With a view to “improving or changing” my current life?  Be born rich, instead of so damned handsome!  Actually, at my age, I’d like to do the whole damned thing over again.  I’d even put up with the dorky, slightly bullied childhood, for the chance to meet and get to know more people.  I can think of no specific life occurrence which was bad enough to need doing over.  Even if I could, the butterfly effect might ensure that the changed result would be even worse.  Let sleeping dogs lie, just don’t trip over them.

6.   Is it ever okay to put raisins in cookies? Why or why not?

Better to ask if it’s necessary to put cookie dough around these plump, juicy, tasty little nuggets.  No raisins in Oreos or Lemon Crisps, obviously, but Cowboy cookies, or brown sugar cookies, or oatmeal and raisin cookies (which, properly, should be raisin, and a bit of oatmeal, cookies) – Oh Yeah!  Some wino somewhere is sayin’, “I wish I had a couple of raisin cookies instead.”

7.   What’s the last compliment you were given?

I’m not sure if it was, “For a fat old fart, you don’t sweat much.” or, “You know, you’re not really as dumb as you look.”  At my age, I get complimented just for getting out of bed in the morning – well, afternoon usually.  Though five years younger than me, in the past couple of years, the wife’s physical deterioration has proceeded apace, while I, even pushing 70, remain a spry old guy.  As a way of thanking me for taking care of her, and just doing what needs to be done, the wife often compliments me.

8.   How important is the first kiss?

Oh so important!  It sets a tone.  Was it worth the wait?  Does it promise more, and even better to come?  Will the medication control the herpes?

9.   What’s the best name for a turtle, and why?

Bob – because – Bob!  What do you call a dog with no legs?  It doesn’t matter.  He’s not going to come when you call him.

10.  What do you wish people knew about you?

I’m as transparent as Swarovski crystal, and the Mississippi may have a bigger mouth.  I began this blog two years ago to get to know other bloggers, and for them to get to know me.  Any regular reader knows pretty much everything about me except my shoe size – just large enough to often insert in my mouth.  There was that one, “This has never happened to me before.” episode, but that’s not something I want people to know about.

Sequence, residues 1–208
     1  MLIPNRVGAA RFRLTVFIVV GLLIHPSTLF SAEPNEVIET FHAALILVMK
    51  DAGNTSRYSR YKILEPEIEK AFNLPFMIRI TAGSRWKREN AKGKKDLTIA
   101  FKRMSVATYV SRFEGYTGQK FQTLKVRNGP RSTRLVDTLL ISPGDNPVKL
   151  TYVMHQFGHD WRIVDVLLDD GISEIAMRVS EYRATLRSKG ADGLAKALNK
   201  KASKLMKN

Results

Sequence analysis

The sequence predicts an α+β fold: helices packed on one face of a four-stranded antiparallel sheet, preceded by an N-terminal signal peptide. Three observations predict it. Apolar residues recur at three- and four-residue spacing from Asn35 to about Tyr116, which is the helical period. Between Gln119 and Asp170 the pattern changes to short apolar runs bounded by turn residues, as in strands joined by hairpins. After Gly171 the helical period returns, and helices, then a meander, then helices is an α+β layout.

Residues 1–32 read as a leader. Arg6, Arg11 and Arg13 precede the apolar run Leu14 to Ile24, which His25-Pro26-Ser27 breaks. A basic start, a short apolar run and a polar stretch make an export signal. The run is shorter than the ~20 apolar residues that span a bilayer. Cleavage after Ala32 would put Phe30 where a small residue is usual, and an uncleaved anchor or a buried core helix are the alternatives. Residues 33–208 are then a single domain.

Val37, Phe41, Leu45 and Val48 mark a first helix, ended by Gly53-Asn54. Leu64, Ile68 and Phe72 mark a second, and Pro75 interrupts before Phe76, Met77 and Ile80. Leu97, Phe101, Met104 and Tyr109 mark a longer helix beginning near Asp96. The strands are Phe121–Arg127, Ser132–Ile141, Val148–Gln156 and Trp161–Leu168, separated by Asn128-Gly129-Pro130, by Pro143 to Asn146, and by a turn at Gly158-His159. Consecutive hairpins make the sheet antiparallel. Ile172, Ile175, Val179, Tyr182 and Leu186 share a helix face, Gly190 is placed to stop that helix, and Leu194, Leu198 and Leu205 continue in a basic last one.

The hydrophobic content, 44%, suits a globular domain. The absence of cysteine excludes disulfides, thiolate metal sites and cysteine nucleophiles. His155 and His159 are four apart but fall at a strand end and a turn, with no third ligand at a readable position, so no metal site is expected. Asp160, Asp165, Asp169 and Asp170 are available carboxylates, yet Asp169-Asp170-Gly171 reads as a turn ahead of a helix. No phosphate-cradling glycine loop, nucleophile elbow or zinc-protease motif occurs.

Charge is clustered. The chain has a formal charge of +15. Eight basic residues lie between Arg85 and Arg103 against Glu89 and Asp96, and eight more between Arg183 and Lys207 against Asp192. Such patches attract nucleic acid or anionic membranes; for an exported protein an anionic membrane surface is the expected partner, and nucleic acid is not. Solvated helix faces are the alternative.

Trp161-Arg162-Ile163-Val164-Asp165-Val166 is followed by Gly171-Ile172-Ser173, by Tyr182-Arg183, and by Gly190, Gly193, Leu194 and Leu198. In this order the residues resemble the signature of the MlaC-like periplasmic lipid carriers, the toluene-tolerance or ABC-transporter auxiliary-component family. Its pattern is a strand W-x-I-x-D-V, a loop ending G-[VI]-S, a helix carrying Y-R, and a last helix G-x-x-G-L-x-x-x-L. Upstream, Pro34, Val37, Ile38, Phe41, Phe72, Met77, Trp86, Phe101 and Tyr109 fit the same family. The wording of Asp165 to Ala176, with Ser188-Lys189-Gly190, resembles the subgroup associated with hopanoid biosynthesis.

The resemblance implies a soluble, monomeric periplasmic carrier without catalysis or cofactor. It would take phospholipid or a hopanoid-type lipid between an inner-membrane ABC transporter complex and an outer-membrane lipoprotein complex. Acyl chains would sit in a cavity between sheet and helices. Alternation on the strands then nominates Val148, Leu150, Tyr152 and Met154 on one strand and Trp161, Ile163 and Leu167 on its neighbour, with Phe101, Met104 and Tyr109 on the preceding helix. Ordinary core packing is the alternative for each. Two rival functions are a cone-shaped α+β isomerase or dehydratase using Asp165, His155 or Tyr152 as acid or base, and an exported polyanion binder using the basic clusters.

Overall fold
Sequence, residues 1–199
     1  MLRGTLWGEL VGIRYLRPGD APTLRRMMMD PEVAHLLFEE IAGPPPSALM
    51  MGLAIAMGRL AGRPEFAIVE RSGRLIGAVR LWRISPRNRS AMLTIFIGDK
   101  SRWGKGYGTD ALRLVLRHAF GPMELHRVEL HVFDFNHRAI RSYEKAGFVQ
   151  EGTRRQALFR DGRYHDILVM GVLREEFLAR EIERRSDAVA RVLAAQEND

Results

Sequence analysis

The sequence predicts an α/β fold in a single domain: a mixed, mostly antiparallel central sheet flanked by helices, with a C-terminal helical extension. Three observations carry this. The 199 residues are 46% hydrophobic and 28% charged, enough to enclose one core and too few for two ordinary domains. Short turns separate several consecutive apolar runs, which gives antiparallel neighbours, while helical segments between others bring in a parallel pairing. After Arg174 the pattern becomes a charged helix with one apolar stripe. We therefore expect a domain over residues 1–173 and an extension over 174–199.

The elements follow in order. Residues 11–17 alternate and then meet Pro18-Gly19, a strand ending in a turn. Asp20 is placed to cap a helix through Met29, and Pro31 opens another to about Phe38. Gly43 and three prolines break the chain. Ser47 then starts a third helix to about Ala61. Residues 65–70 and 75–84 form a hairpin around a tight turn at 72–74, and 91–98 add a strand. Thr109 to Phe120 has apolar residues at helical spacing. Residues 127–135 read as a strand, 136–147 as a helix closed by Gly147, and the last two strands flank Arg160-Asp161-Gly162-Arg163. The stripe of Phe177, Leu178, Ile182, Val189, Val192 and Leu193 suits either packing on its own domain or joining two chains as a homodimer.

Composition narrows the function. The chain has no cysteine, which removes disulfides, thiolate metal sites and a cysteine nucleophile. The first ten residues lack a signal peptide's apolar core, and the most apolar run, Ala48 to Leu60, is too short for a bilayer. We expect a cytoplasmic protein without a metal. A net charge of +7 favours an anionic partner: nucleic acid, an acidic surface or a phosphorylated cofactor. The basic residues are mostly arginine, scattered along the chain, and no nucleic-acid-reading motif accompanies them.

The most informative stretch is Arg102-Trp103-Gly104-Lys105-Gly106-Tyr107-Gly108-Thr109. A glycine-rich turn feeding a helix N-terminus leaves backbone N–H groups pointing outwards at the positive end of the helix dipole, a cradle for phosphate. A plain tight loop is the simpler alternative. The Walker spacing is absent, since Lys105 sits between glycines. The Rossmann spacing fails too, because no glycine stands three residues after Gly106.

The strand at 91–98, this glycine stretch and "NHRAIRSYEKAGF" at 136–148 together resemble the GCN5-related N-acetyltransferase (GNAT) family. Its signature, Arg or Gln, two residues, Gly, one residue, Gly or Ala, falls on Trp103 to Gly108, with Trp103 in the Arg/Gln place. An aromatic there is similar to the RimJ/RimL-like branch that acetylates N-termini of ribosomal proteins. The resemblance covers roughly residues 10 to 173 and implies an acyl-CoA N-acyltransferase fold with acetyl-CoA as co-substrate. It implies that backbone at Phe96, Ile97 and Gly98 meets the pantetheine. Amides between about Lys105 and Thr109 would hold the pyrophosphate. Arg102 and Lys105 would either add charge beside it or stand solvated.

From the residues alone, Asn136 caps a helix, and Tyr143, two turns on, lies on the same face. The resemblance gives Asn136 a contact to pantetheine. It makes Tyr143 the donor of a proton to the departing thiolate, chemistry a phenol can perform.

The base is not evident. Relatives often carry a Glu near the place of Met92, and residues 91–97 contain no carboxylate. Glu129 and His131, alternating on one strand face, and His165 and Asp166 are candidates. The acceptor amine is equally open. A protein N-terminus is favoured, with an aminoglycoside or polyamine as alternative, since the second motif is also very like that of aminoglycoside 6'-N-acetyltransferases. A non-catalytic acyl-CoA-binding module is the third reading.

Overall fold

That’s it folks.  Remember to wash your hands after reading the post, and please return soon, for another exciting episode of The Life and Times of Archon.

In The Dark

On August 14th, Southern Ontario and hunks of Eastern United States, celebrated (?) the tenth anniversary of a giant blackout.  Locally, we did better than many areas; the power was back on in about four hours.  As with so many other things, like jet-stream cold fronts, 9/11 terrorists, and Justin Bieber, Americans blamed Canada.

Local stories range from being five from the front at a giant waterslide, and having to turn around, and follow 150 other disappointed people back down the stairs, because the water pumps shut off, to the canoeist/camper in a National Park, who pulled in the next day, without knowing or noticing that anything had occurred.

I was at work, on a 3 to 11 shift, when we went dark, at about 8:00 PM.  The plant had already started its death spiral.  The General Manager who lied to the Big Three during contract negotiations, had been forced out.  His internal replacement/promotion lasted only six months before getting a good look at the oncoming train, and taking a different track.  The external hire, who thought he was going to helm a healthy company, bailed after only three months.  And so, we got Bill.

Already cynical, I kept an eye on him.  He was touted as the man who would turn things around, but his management style and abilities did not bode well for that.  The first week he was there, he held a town-hall meeting with each of the shifts.  Not in the boardroom – heaven forbid the peons’ sandals leave marks on the carpet, rather, in the Quality Assurance/Packing area.  He looked us all in the eye and said, “My name is Bill Rheem.”  Those first four words were a lie….and it went downhill from there.